Thursday, August 7th, 2014 by Brian Seidman
Crooked Letter I LGBT Essayists Respond to Human Rights Campaign Alabama Survey, Part 3: Elizabeth Craven
Crooked Letter I, an anthology of Southern-themed LGBT coming out stories, will be published by NewSouth Books in 2015. This week we’ve been posting thoughts by some of the anthology contributors about a recent survey of LGBT Alabamians conducted by the Human Rights Campaign in Alabama. Read the first and second parts of this series, with thoughts from Susan Benton and B. Andrew Plant. The third and final submission is from Elizabeth Craven:
Kith and kin, faith and family, loyalty to the land, the culture and the lifestyle marks a Southerner. Yet all the institutions that defines a life: home, work, worship, these are the very places where Southern gay and lesbian, bisexual and transgendered people feel most threatened. Fear of rejection feeds a the narrative that the South is a closed culture.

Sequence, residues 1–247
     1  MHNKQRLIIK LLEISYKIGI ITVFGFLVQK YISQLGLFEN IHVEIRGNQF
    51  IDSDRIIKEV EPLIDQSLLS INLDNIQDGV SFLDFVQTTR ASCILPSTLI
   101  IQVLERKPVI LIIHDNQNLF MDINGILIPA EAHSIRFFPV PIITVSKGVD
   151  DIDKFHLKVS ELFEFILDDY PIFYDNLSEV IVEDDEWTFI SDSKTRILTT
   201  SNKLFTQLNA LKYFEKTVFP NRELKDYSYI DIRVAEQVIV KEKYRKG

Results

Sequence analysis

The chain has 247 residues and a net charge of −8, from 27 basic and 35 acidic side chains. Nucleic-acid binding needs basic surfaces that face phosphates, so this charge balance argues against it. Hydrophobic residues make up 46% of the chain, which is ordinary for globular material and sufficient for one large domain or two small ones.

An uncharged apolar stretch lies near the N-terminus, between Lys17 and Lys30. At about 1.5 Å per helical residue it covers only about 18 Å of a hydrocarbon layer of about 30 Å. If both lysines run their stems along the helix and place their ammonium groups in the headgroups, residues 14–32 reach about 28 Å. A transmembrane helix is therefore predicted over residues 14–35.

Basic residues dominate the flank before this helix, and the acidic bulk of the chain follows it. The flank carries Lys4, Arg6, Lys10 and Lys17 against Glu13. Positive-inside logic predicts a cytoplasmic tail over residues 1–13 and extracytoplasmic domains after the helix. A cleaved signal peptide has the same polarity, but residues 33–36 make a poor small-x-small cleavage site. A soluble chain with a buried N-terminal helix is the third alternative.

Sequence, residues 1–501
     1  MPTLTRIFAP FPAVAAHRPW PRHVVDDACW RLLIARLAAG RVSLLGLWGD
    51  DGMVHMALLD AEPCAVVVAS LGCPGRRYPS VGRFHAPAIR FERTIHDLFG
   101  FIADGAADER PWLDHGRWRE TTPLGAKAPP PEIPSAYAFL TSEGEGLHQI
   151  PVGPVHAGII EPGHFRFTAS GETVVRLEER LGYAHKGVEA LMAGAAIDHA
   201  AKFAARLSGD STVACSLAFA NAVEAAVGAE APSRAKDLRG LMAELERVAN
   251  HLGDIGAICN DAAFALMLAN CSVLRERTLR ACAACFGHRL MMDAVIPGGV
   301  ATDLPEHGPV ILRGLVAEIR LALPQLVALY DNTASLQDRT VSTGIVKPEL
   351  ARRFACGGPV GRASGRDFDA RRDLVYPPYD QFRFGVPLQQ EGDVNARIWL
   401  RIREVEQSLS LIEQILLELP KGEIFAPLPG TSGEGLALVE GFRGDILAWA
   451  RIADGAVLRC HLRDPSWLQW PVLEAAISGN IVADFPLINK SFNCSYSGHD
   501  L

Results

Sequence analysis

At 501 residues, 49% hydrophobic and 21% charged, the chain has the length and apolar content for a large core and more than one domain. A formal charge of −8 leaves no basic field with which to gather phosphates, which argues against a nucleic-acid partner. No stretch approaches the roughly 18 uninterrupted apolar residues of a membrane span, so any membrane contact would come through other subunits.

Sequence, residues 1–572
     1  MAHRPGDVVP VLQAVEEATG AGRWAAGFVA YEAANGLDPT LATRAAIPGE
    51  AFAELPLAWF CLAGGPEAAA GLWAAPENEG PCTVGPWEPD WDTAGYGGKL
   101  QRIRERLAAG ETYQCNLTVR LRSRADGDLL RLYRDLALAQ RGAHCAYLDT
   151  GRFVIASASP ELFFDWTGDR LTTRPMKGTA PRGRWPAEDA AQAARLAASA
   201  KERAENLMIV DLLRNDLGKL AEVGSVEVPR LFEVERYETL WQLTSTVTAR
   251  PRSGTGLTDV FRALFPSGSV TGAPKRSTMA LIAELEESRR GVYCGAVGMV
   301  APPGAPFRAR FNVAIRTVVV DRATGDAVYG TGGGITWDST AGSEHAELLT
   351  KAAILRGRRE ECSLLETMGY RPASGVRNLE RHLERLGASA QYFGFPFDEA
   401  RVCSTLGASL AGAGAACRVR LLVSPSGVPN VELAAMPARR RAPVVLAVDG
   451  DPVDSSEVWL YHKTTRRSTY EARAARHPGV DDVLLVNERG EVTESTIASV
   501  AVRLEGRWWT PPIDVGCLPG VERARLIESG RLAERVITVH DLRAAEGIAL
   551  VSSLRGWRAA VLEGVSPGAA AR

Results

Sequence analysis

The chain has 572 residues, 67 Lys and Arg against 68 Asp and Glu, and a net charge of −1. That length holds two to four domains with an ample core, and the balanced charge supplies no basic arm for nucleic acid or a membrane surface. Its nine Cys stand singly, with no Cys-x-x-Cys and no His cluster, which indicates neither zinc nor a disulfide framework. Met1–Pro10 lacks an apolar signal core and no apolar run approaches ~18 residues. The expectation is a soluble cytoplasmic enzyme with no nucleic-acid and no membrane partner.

This survey of the LGBT community in Alabama paints a more complex picture. Perhaps not one of the urban gay life the media loves. Perhaps not a land of all happy endings … but a place where people with roots fight for another definition of family, an expansion of community, a challenge in and out of the church. One weapon in this fight is one of the most cherished in Southern life — the story. The coming out story of gay men in overalls, Grandmothers loving transsexual grandchildren, people in porch swings learning to accept another kind of difference. Sometimes slowly, sometimes painfully people in the South open their eyes to their “other” children, their “other” coworkers, their “other” choir members.
The South changes in a very Southern way The survey shows much work needs to be done. Yet, one by one, people in the South are speaking out. These changes can be forced by law but they are solidified by relationship. Gay culture needs some Southern spice, but the South needs her gay children, and their gay stories. After all, these are stories of home. The survey makes one thing very clear. More and more LGBT people are choosing to live, to love, and to raise their children openly in the South. Change is coming.
Crooked Letter I will be available direct from NewSouth Books or from your favorite bookstore in 2015.